Via the Vertigo blog, news of a new vampire series, AMERICAN VAMPIRE, written by well-regarded horror writer Scott Snyder with art by rising star Rafael Albuquerque, and stories written by one Stephen King.

The new ongoing series, AMERICAN VAMPIRE, will introduce readers to a new breed of vampire—a more muscular and vicious species of vampire with distinctly American characteristics. The series’ first story arc, to be told over the course of five issues, will feature two different stories, one written by Snyder, the other by King.

Snyder’s storyline is one of decadence and deception and Jazz Age glamour. Pearl is an ambitious modern woman with starlet dreams. She frequents Hollywood’s speakeasies and dance-halls searching for her first big break, only to find something far more sinister waiting for her.

King’s story provides the origin of the very first American vampire: Skinner Sweet, a bank robbing, murdering cowboy of the 1880s. Skinner is stronger and faster than previous vampires; he has rattlesnake fangs and is powered by…. the sun?

Following the conclusion of the first story arc, Snyder and Albuquerque will trace Skinner’s bloodline through various decades of American history.

The Daily Beast has some more art, some of the origin story of the project:

When American Vampire was in the early stages of being greenlit, the editors at Vertigo asked Snyder if he knew anyone that would be willing to give a blurb to the project. Snyder had maintained a friendship with Stephen King after King had written a blurb for Voodoo Heart, so he sent King what he had so far of the series.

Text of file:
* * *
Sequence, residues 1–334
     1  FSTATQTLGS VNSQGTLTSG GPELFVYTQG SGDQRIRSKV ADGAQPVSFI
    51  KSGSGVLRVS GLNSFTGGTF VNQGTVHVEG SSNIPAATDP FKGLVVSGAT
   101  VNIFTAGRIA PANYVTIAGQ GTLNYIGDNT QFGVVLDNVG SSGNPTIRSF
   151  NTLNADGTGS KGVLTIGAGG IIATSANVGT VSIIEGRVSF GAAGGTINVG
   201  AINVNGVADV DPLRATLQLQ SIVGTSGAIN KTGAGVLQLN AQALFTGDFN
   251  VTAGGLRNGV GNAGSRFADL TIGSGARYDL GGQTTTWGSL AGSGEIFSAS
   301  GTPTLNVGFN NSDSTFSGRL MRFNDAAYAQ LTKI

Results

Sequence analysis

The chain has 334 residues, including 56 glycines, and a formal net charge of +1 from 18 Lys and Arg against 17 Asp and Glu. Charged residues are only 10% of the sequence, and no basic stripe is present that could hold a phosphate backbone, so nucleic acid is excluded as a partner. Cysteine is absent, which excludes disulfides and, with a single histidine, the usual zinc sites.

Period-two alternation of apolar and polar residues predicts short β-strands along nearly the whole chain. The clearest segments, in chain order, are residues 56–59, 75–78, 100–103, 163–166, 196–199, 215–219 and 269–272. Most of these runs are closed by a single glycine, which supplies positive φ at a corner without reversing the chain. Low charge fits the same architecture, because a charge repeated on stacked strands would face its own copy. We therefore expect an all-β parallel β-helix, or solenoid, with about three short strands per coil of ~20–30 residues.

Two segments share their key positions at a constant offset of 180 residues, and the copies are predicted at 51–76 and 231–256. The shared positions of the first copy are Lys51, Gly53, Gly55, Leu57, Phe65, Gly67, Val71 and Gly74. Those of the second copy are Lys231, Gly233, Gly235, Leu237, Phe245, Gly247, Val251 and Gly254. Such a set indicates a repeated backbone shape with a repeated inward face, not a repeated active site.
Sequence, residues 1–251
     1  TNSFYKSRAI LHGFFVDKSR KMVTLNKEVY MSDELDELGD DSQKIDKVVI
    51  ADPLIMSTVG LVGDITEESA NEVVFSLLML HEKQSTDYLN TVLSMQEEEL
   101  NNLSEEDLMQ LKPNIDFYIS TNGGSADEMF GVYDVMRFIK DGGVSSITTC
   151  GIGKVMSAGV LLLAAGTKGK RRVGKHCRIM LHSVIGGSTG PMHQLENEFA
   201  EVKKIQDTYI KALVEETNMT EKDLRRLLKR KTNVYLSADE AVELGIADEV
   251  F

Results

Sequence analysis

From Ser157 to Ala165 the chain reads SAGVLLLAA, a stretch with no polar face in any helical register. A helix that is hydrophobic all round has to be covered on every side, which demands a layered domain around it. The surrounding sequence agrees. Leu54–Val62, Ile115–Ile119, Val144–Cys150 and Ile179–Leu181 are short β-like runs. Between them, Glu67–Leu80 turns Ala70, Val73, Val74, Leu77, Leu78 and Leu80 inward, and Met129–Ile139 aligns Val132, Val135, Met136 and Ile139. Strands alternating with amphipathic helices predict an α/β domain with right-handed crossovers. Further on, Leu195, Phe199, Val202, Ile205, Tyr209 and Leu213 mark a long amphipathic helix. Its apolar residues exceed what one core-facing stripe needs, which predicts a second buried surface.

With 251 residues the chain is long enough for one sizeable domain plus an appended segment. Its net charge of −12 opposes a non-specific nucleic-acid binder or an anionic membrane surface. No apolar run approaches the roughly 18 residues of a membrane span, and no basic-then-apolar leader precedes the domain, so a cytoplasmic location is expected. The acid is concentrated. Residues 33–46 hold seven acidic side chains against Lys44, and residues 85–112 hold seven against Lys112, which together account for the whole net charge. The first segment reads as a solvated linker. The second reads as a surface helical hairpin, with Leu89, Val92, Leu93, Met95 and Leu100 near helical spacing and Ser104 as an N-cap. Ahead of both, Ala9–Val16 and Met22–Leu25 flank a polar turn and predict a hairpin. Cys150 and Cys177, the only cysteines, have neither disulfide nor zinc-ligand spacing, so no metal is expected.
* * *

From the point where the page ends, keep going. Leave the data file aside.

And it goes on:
“He came back saying he loved it and he’d actually be willing to do a few issues at some point if we wanted him to,” Snyder says. “I went back to Vertigo and pretty much made sure that they were gonna take it regardless. It was really important to me that they weren’t going to take it because Steve was involved, because I’m the one who has to carry the series beyond Steve.”


  1. That’s certainly good news as far as attracting big names to comics is concerned, but the reference to Skinner Sweet being powered by the sun is a turn-off.

    I loved Salem’s Lot when it came out, read a bunch of King’s other novels, horror anthologies, etc., until, after several years and dozens of books, I eventually burned out on horror. People have tried to make vampire stories more interesting by varying their powers and vulnerabilities, but there’s no way to make them real, so their origin has to be supernatural. What reasonable alternative is there to Satan?


  2. Hmmmm. Might this cause some friction between King and Marvel? I suppose when you’re as big as King, you can write for just about any comic book company you want.

    I think you answered your own question there.

  3. What an understated piece of news.
    Imagine if King was gonna write one issue for MArvel: you’d have been clobbered to death with teasers, advance interviews with editors, colorists,… by now

  4. The stuff Marvel publishes from King… King owns the trademarks and copyright. Just as other companies have reprinted stories originally published by Marvel (Transformers, GI Joe, Star Wars, Star Trek), so too could King take his football (and stadium) and go to another publisher.

    (Did Marvel get any royalties from the “N” motion comic which was included in “Just After Sunset”?)